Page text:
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My Favorite Yeast Proteins: CYT1 and YOR066W

The SGD database identifies roles regarding the biological processes, molecular functions and cellular component of the Cyt1 encoded protein. While data support Cyt1's role as a mitochondrial electron transport cytochrome, there is much about this protein that Gene Ontology (GO) annotations do not tell us. Because it is non-annotated, GO tells us even less about the gene product of YOR066W. The molecular function, biological process and cellular component roles of YORR066W are, as of now, unknown, but the results of a yeast two hybrid study (Y2H) indicate that YOR066W is potentially a substrate for Cdc28 or a cyclin protein (SGD, 2004). Definitive predictions ascertaining the role of YOR066W in yeast cells have not been found in previous web pages which investigated the YOR066W gene and its expression pattern. Trend comparisons of induction and repression in Cyt1 and YOR066W are sometimes similar, as in the case of histone depletion, and sometimes dissimilar, as in the context of diuxic shift. Clustered microarray data group similarly transcribed genes but do not necessarily determine groupings of similarly functioning proteins. Here, we will use the tools that may further elucidate the functions of Cyt1 and YOR066W.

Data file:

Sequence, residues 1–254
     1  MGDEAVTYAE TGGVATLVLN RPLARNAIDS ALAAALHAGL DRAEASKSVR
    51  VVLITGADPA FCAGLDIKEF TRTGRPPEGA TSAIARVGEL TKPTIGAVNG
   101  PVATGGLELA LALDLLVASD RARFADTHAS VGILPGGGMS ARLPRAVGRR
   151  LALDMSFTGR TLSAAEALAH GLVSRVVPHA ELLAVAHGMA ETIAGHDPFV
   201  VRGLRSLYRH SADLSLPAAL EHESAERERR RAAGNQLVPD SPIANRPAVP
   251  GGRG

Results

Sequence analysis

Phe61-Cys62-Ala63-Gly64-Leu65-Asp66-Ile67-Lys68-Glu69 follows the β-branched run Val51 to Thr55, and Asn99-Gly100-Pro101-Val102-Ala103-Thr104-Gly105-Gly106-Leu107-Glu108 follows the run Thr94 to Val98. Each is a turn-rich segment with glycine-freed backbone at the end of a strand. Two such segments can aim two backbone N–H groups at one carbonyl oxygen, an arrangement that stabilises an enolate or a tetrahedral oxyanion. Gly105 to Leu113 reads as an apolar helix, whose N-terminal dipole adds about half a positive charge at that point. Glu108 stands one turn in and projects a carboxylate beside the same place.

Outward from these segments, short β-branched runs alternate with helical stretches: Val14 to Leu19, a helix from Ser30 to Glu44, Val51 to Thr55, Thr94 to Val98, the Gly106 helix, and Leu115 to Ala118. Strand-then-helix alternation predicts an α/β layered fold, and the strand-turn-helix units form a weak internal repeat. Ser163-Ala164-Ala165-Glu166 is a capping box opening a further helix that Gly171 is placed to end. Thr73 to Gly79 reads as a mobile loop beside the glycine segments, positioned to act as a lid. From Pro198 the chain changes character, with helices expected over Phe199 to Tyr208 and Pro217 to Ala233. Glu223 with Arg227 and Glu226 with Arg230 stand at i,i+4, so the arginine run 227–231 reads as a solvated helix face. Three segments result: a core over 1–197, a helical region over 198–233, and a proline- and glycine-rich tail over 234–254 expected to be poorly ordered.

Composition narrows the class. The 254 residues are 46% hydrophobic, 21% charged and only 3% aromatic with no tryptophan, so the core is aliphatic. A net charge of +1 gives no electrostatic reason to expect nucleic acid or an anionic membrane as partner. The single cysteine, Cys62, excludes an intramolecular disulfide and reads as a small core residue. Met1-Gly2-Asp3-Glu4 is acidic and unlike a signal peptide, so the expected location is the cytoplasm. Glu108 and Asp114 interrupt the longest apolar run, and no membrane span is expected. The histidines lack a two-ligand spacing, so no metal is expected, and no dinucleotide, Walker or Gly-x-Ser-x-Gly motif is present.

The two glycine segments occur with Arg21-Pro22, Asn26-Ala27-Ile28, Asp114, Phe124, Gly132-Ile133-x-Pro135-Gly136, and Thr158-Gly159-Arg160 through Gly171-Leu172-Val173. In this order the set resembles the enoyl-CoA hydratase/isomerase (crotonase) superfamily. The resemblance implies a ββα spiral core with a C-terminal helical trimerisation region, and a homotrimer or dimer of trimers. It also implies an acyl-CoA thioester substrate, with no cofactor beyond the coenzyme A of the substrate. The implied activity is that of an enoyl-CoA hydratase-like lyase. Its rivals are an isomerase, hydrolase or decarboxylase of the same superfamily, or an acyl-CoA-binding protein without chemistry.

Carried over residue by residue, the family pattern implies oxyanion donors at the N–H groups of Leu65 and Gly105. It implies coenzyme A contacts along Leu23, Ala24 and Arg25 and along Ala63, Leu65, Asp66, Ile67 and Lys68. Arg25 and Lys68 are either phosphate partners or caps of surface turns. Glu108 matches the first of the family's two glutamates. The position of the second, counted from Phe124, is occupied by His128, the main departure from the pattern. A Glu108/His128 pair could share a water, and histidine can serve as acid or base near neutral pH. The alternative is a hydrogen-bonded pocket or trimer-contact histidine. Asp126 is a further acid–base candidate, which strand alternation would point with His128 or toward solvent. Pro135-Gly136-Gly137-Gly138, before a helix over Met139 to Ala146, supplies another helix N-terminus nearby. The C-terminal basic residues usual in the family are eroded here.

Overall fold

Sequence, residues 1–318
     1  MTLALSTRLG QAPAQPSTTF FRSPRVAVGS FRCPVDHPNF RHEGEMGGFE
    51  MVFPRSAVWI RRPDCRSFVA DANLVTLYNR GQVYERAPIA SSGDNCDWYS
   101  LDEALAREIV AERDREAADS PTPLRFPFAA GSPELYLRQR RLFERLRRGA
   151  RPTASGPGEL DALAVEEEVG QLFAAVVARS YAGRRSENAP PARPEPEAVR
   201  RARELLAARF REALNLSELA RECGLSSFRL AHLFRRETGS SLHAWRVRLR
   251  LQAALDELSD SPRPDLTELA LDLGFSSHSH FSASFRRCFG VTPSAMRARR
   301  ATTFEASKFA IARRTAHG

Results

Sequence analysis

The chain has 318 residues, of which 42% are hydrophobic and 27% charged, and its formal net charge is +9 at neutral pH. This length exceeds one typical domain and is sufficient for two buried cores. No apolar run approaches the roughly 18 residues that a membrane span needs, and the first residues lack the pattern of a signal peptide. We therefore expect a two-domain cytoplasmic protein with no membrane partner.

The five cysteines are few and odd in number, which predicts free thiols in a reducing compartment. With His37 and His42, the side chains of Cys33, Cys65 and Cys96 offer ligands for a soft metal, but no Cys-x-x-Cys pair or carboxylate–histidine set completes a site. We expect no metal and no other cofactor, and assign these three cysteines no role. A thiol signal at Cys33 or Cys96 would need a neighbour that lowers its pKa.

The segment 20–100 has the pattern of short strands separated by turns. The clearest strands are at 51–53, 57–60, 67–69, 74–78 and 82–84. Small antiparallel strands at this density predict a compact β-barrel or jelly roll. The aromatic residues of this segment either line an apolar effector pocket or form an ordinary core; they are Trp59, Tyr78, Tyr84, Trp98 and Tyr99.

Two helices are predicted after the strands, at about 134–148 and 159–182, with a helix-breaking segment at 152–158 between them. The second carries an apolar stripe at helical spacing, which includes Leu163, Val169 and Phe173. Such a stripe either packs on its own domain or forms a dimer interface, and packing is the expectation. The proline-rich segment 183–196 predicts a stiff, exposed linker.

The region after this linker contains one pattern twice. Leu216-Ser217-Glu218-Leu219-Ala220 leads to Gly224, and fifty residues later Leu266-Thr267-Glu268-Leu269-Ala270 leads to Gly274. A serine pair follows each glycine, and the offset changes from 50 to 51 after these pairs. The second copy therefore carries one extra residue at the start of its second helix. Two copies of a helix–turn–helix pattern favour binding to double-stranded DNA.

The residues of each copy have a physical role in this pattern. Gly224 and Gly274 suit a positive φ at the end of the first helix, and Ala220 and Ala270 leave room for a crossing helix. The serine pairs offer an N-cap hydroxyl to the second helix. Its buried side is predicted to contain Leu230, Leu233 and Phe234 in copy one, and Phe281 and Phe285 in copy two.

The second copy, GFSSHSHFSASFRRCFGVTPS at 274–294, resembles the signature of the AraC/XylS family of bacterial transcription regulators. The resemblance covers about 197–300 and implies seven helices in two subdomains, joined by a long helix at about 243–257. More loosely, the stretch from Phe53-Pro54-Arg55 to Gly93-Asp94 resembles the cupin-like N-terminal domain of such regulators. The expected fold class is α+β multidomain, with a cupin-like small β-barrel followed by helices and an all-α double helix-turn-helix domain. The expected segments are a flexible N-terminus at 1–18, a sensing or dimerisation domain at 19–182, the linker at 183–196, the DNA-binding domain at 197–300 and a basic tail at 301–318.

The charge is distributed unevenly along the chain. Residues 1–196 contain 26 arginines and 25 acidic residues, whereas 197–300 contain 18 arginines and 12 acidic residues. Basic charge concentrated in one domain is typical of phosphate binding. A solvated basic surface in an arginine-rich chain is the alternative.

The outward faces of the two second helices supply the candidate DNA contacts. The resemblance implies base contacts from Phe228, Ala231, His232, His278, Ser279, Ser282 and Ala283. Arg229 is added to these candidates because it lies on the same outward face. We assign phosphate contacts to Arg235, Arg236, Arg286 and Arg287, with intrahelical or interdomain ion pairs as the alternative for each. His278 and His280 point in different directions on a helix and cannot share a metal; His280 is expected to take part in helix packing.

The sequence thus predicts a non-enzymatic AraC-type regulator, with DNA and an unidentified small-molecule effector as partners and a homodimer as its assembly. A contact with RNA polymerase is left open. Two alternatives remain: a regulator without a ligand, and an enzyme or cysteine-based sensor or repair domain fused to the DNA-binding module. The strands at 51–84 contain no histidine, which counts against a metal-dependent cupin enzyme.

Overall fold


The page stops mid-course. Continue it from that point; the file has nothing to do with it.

CYT1 and Y2H

The yeast two-hybrid (Y2H) system is a method that uses a particular protein to discover proteins with which that protein interacts (Campbell, 2003).

Figure 1. This screen shot shows no protein interactions between Cyt1 and another protein. Since proteins sometimes bind one way, but not the other (i.e. RPC19 binds to bait RPC40 but RPC40 does not bind to prey RPC19), I checked to see if Cyt1 interactions were detected when Cyt1 was listed as prey, instead of bait. There were no protein interactions when CYT1 was used as the activation-domain-bound prey.

This image makes interactions between the bait Cyt1 and the ORFs of other yeast genes in the Y2H method appear absent, assuming a genomic library was transformed into plasmids where CYT1 was being used as bait, CYT1 does not appear to interact with any other yeast proteins. Since the interactions detected using this method must occur inside the nucleus of the yeast cell, and CYT1 is located in the mitochondria, it is possible that CYT1 does not work well inside the nucleus. A conformational change in structure could cause a misshapen protein which, inside the nucleus, does not bind to the proteins with which we might expect CYT1 to interact. CYT1 as a "prey" protein might also be misshapen and thus behave differently inside the nucleus than in the mitochondria. Another possibility for the lack of interaction is that the Y2H experiment has yet to be run with Cyt1.

CYT1 and DIP

Figure 2. This shows the one hit for CYT1 from the DIP database. Note the various terms used to refer to the same protein in different databases.